Washington, DC – The U.S. Commission on International Religious Freedom (USCIRF) strongly condemns the coordinated raids by Iranian authorities this weekend on numerous Baha’i homes and the arrests of more than a dozen Baha’is who have been part of an effort to provide higher education to Baha'i youth because they are prevented from attending universities in Iran.
“The Iranian government will stop at nothing in its shameless persecution of the Baha’is in Iran,” said Leonard Leo, USCIRF chair. “It’s not enough that authorities already have a policy in place preventing Baha'is from attending Iranian universities–the government is now systematically trying to dismantle the Baha'i community’s internal initiative to ensure that its youth have the opportunity to get an education beyond high school,” said Mr. Leo.
On Saturday, in at least four different cities throughout the country, Iranian authorities raided approximately 30 homes of Baha’is who were part of the Baha’i Institute for Higher Education (BIHE), a 24 year-old effort by the Baha’i community to educate its youth because the Iranian government does not permit Baha’is to pursue undergraduate or graduate studies. Reportedly, more than a dozen Baha’is have been arrested and a number of books, documents, computers, and other materials associated with the BIHE have been seized by Iranian authorities. It has been more than 10 years since Iranian authorities conducted a similar campaign against the BIHE.
“Iranian authorities continue to hold the Baha’i community’s seven leaders in Iranian prisons and now, with these arrests, the number of Baha'is currently imprisoned is approaching 100, a number not seen in more than two decades,’ said Mr. Leo. “The United States and international community must aggressively speak out and condemn such actions and pressure the Iranian government to allow the new Special Rapporteur on human rights in Iran to investigate this and other blatant violations,” said Mr. Leo.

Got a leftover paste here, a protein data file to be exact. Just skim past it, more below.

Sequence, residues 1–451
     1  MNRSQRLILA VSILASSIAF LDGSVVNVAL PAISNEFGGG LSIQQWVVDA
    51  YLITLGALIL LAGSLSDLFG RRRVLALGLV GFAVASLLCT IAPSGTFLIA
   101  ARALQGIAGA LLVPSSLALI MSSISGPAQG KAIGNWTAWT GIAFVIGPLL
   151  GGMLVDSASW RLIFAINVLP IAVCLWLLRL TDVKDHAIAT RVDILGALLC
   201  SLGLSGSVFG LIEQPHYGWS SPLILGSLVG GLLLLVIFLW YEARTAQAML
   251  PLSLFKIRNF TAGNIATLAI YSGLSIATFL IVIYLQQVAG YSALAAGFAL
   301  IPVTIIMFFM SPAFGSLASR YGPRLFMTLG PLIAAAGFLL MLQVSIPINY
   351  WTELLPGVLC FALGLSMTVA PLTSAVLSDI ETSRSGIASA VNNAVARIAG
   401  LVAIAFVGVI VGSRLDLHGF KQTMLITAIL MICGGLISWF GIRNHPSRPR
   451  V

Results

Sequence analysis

Since 1999, the U.S. State Department has designated Iran as a “country of particular concern,” or CPC, under the International Religious Freedom Act (IRFA), for engaging in systematic, ongoing, and egregious violations of religious freedom. USCIRF has recommended in 2011 that Iran again be designated as a CPC. In its annual report issued last month, USCIRF urged the U.S. government to continue to sanction Iranian government agencies and officials responsible for particularly severe violations of human rights, including freedom of religion or belief. To date, travel bans and asset freezes have been imposed by the U.S. government on 10 Iranian officials.